And who recruited the thousands of employees in the KMC? You might remember, in the last few months of the MQM-P’s term in the local government, a political stalwart who was at the helm of affairs had recruited thousands of employees in the Karachi Water and Sewerage Board (KWSB). When you keep recruiting people and are not interested in revenue generation, you will face problems. Where has the
Rs 6.5 billion gone?

They  dismiss the charge of overstaffing, as KMC has not hired more staff in this tenure. However, they attribute the lack of funds to an increase in expenditure, a rise in salaries and cuts in the OZT for the salaries of the Karachi Development Authority (KDA) employees.

If that is the case, then why aren’t the other authorities, like the KDA, the Malir Development Authority (MDA), and the Lyari Development Authority (LDA), facing losses? As I have stated earlier, they hired these people in their previous term.

The Sindh government used its own resources when carrying out development work in the city, a share of which was allocated for Karachi in the provincial Annual Development Programme (ADP). The funds did not come from the OZT share. It is through the ADP allocations that the provincial government has built roads, underpasses and flyovers across the city. If we allocate funds for the K-4 Water Supply Project, it will mean additional grants from the Sindh government. We recently bought the 104-meter tall snorkel and three fire tender vehicles that were handed over to KMC.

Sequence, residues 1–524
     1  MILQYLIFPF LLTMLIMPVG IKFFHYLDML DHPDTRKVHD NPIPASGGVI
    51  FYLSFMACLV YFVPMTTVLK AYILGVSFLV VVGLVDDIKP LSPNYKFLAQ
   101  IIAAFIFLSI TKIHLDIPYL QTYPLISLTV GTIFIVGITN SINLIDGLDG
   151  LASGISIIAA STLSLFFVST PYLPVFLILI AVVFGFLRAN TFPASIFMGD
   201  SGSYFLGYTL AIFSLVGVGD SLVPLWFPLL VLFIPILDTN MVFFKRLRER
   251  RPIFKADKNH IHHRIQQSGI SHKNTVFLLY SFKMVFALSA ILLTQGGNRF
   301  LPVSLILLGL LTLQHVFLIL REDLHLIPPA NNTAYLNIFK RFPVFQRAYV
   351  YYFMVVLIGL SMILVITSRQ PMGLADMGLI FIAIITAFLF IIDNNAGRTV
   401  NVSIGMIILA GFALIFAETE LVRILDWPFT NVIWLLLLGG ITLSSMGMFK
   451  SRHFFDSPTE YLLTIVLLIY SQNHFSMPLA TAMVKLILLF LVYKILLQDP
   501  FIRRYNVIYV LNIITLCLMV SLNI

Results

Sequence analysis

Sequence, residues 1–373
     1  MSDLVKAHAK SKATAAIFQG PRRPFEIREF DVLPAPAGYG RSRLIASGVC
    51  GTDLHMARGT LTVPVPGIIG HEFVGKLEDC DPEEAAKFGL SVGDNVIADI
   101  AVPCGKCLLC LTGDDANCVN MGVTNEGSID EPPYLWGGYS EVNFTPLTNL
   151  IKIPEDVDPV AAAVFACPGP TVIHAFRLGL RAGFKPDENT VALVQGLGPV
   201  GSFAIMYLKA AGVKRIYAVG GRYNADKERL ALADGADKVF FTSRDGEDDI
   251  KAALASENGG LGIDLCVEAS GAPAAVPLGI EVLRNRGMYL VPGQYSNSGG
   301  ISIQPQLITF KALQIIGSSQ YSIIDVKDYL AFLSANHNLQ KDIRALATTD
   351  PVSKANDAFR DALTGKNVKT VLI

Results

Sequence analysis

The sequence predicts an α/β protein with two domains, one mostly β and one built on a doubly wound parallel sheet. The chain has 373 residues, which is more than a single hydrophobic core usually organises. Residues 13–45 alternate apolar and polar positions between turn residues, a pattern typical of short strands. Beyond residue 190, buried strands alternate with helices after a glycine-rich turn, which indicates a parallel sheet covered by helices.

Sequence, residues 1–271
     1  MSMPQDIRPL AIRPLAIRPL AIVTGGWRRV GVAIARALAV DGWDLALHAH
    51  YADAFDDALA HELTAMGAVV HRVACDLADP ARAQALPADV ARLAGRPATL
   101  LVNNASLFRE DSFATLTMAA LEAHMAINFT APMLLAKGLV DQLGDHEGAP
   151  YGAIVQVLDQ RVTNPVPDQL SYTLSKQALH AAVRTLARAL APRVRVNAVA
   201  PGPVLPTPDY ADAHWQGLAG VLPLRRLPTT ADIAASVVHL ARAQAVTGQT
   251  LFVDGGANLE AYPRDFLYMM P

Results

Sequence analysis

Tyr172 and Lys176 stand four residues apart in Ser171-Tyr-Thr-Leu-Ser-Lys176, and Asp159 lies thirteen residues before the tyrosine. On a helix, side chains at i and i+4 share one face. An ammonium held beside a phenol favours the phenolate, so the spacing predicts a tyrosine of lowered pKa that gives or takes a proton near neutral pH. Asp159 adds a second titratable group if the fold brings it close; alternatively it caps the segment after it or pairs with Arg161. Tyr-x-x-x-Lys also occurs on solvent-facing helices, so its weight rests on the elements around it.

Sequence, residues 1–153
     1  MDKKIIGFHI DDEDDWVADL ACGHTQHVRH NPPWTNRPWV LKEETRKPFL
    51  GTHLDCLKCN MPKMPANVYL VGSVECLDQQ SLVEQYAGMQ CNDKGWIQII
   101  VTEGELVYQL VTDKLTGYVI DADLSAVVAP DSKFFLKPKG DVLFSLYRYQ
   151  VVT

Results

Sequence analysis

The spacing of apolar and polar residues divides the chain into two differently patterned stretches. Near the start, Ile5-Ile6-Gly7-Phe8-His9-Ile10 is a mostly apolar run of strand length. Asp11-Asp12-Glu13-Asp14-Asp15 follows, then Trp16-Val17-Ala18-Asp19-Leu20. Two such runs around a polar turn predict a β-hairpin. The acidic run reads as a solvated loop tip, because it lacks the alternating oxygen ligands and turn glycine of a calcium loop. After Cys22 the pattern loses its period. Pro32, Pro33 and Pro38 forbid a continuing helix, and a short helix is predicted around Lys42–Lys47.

The MQM-P complains that KDA is no longer under KMC, but when they had control of KDA, look at what they did to the city. They resorted to China-cutting; lands allocated for parks, hospitals, cemeteries and other amenities, were carved out as residential and commercial plots and sold. Such practices cannot be allowed.

They claim that the PPP’s practice of allotting hundreds of acres of lands in gothabad schemes is China-cutting on a grander scale.

That means they have admitted to doing so themselves. You have to publish this in bold letters – that the MQM has admitted to China-cutting. 

The MQM says that while specific individuals may have taken advantage of their positions, the party as a whole was not involved in such practices.

If you have to give away land to the needy, you must come up with a proper plan. Why would you change the status of land allocated for parks, grounds, hospitals, dispensaries, or other public amenities? How can amenity plots be turned into residential and commercial plots? The law does not allow for this. What the PPP did in the gothabad  schemes, was to regularise informal settlements inhabited by the poor and give them ownership rights. And all of this was done by following the correct procedures – private lands were not grabbed for this purpose.

Back in 2010-11, both the PPP and the MQM were trying to move legislation in the Sindh Assembly to change the status of amenity plots. It seems they were complicit in trying to legalise these practices. 

It is not in my knowledge if any such legislation was proposed. That is why I would not be able to comment on it. But as far as I am aware of the law, there are many legal precedents in which Supreme Court judgments have barred any act that could change the nature of amenity plots. Lands for amenity purposes are allocated in the master plan after much deliberation; any changes would defeat the whole purpose of planning. Look at the lack of planning here – small plots allocated for single families are turned into multi-storey buildings. Now, 10 families are living in that space and you have issues with sewerage and other utilities. Look what has been done to the city by those who were given the mandate and were exercising power here for decades.